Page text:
Cannabis company holds off on legal action against Fletcher but MLA remains defiant

Manitoba medical marijuana company Delta 9 Cannabis Inc. says it's leaving options open for now on suing MLA Steven Fletcher, despite issuing a deadline last week asking him to remove social media posts it deemed "defamatory." Fletcher is defiant and now wants an apology.

Steven Fletcher's anger at ultimatum over social media posts hasn't been blunted

After being accused by Delta 9 of posting inappropriate material last week, MLA Steven Fletcher is now accusing the cannabis company of intimidation and is demanding an apology. (CBC News)

Assiniboia MLA Steven Fletcher won't delete social media comments posted about conflict of interest legislation and Manitoba marijuana company Delta 9 Cannabis Inc.

Nor will he apologize, as the company requested he do immediately. Fletcher is instead looking for Delta 9 to say it's sorry.

Fletcher's stance comes despite the company backing away from a promise of legal action it threatened last week if the independent MLA didn't pull the posts from Twitter and Facebook. 

"I'm not going to follow [the directions in] their threatening and intimidating letters. They were wrong to send them. I will take the integrous course of action," Fletcher said.

Delta 9's legal counsel had set a deadline of the end of business last Friday for Fletcher to pull the pair of posts and apologize for posting what the lawyer described as "defamatory" and "inappropriate" material.

One of the posts on Fletcher's timeline from May 17 related an increase in the company's share price and the former federal cabinet minister's zeal for updated conflict of interest legislation for Manitoba.

"Strange that Delta 9 stock price went from $0.20 in Oct 17 up to $3.20, that is over 1,000 per cent increase in stock price overnight," read the post. "Those in the know could have made a fortune, I guess we'll never know. All we do know is that proper conflict of interest legislation is far overdue."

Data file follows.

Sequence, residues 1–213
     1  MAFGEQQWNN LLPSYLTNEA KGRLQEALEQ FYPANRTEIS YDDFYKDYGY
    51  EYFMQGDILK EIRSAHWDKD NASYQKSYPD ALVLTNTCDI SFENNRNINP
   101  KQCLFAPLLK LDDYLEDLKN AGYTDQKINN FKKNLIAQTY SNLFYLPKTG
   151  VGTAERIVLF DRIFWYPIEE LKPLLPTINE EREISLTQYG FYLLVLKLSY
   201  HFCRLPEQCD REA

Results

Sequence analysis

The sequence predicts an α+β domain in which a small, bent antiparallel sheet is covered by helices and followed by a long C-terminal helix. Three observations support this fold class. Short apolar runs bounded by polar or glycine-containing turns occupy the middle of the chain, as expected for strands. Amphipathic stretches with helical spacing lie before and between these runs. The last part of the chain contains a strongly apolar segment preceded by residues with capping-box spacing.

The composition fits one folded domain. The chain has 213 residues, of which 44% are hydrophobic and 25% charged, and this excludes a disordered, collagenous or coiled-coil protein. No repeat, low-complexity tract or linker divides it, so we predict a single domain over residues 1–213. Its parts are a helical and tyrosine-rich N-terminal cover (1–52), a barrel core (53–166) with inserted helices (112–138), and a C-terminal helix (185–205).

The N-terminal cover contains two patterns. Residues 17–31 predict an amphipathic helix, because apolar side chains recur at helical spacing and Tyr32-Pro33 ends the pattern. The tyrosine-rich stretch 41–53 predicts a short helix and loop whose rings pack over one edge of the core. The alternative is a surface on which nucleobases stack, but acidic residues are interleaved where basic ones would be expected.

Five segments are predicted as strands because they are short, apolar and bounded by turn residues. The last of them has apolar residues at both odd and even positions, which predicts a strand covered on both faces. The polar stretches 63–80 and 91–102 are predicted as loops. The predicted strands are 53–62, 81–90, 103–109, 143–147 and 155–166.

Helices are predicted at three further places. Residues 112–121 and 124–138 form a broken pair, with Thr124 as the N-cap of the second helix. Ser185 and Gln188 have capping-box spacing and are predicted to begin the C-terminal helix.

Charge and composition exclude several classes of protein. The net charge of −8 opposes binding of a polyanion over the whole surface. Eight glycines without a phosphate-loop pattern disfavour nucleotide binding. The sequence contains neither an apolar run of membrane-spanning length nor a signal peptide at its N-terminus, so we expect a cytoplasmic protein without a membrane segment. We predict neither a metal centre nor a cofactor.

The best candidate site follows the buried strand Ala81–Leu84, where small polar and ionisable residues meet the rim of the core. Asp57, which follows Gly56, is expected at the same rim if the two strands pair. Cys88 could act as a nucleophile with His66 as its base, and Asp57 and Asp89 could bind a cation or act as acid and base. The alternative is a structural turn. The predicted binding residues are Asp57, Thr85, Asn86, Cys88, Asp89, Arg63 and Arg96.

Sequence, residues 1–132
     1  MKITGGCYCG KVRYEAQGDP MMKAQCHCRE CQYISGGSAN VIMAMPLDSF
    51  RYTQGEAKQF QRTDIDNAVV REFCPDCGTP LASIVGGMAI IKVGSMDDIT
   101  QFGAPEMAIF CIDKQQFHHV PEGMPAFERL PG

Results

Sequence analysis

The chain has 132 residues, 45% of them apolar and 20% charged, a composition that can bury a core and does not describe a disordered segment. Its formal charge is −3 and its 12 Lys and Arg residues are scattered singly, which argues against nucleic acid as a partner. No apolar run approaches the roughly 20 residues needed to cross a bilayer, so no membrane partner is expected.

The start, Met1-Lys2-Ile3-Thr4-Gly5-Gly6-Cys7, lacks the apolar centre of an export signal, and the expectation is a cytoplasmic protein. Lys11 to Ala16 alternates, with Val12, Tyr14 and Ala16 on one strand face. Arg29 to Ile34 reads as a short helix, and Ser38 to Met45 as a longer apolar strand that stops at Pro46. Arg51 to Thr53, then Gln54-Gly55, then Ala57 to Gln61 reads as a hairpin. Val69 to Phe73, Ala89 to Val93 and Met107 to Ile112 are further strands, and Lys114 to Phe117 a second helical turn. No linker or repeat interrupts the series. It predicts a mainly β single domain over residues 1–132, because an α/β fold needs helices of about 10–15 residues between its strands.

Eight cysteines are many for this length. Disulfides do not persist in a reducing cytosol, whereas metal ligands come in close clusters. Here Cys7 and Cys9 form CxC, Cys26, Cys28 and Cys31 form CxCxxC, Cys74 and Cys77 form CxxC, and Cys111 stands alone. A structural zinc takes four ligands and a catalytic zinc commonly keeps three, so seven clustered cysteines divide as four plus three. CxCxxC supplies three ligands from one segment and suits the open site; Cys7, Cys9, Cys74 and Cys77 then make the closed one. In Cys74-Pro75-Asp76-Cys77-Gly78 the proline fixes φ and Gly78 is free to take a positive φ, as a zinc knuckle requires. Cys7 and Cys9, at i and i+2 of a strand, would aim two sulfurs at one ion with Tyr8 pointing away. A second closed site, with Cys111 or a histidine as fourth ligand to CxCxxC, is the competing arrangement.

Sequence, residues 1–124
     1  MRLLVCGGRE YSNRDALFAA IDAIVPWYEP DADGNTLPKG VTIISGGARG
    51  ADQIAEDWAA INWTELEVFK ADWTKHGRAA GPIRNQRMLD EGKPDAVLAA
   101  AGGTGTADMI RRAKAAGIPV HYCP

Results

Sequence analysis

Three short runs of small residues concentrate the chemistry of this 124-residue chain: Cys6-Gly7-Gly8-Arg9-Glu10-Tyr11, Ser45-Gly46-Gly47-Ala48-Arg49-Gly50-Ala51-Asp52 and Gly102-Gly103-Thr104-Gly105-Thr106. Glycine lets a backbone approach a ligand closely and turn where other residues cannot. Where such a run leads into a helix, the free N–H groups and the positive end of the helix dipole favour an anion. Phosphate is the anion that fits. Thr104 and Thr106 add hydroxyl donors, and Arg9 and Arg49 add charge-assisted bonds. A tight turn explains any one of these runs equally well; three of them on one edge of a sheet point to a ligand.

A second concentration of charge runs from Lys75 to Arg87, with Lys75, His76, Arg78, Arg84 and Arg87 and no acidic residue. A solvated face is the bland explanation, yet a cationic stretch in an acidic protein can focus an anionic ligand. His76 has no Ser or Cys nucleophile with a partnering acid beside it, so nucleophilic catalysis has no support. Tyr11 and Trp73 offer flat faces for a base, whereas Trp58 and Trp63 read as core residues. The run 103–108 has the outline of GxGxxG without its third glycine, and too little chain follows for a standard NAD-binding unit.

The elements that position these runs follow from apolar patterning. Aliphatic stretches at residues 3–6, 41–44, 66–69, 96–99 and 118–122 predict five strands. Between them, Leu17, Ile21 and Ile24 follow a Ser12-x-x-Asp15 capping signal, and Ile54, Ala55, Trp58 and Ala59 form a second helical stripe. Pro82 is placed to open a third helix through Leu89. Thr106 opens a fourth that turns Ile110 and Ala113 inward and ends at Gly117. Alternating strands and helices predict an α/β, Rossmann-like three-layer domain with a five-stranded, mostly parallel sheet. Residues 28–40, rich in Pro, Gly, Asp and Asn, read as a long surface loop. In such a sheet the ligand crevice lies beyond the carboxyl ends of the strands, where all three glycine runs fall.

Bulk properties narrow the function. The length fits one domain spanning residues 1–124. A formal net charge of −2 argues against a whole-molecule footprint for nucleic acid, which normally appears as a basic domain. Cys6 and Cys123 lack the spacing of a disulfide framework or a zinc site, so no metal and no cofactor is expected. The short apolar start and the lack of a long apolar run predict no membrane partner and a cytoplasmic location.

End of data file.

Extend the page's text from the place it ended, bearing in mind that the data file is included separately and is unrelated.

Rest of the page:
On Tuesday, Delta 9 director of communications Gary Symons gave a statement easing back on the threat of legal action.

Symons told CBC News that the company is leaving its options open for now and whether they take legal action will depend on Fletcher's future actions. 

"We do note that in his statement in the legislature Mr. Fletcher corrected the record by saying 'I am not suggesting Delta 9 did anything wrong,'" said Symons. "Given that he realizes and has now said we did nothing wrong, it is unclear to us why he would drag our name to a debate over conflict of interest legislation."

The company still wants Fletcher to retract the statements made on Facebook and apologize, but Symons said "as long as he doesn't make any more defamatory statements, then we will likely let the matter lie."

Fletcher, for his part, is now demanding an apology in return.

"They are basing everything on intimidation and I am doing it based on integrity," Fletcher said in a brief interview. "I am looking for an apology and will have more to say about this in the legislature."

The independent MLA was kicked out of the Progressive Conservative caucus last year and tabled his own conflict of interest legislation.

On Tuesday, Fletcher tabled the letters he received from Delta 9 and ones he wrote to the Manitoba and Ontario Securities Commissions in the Manitoba Legislature last week.

He blames Delta 9's law firm, MLT Aikins, for giving the company bad legal advice and is asking for the two commissions to investigate the situation.

"I wish Delta 9 nothing but success but I am jaw-smacked at the foolish letter sent by their legal counsel," Fletcher wrote in a letter to the Manitoba and Ontario securities commissions.

Legal letter to FletcherMobile users: View the document
Legal letter to Fletcher (PDF KB)
Legal letter to Fletcher (Text KB)
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On mobile? Read Fletcher's letter here and read the letter from Delta 9 here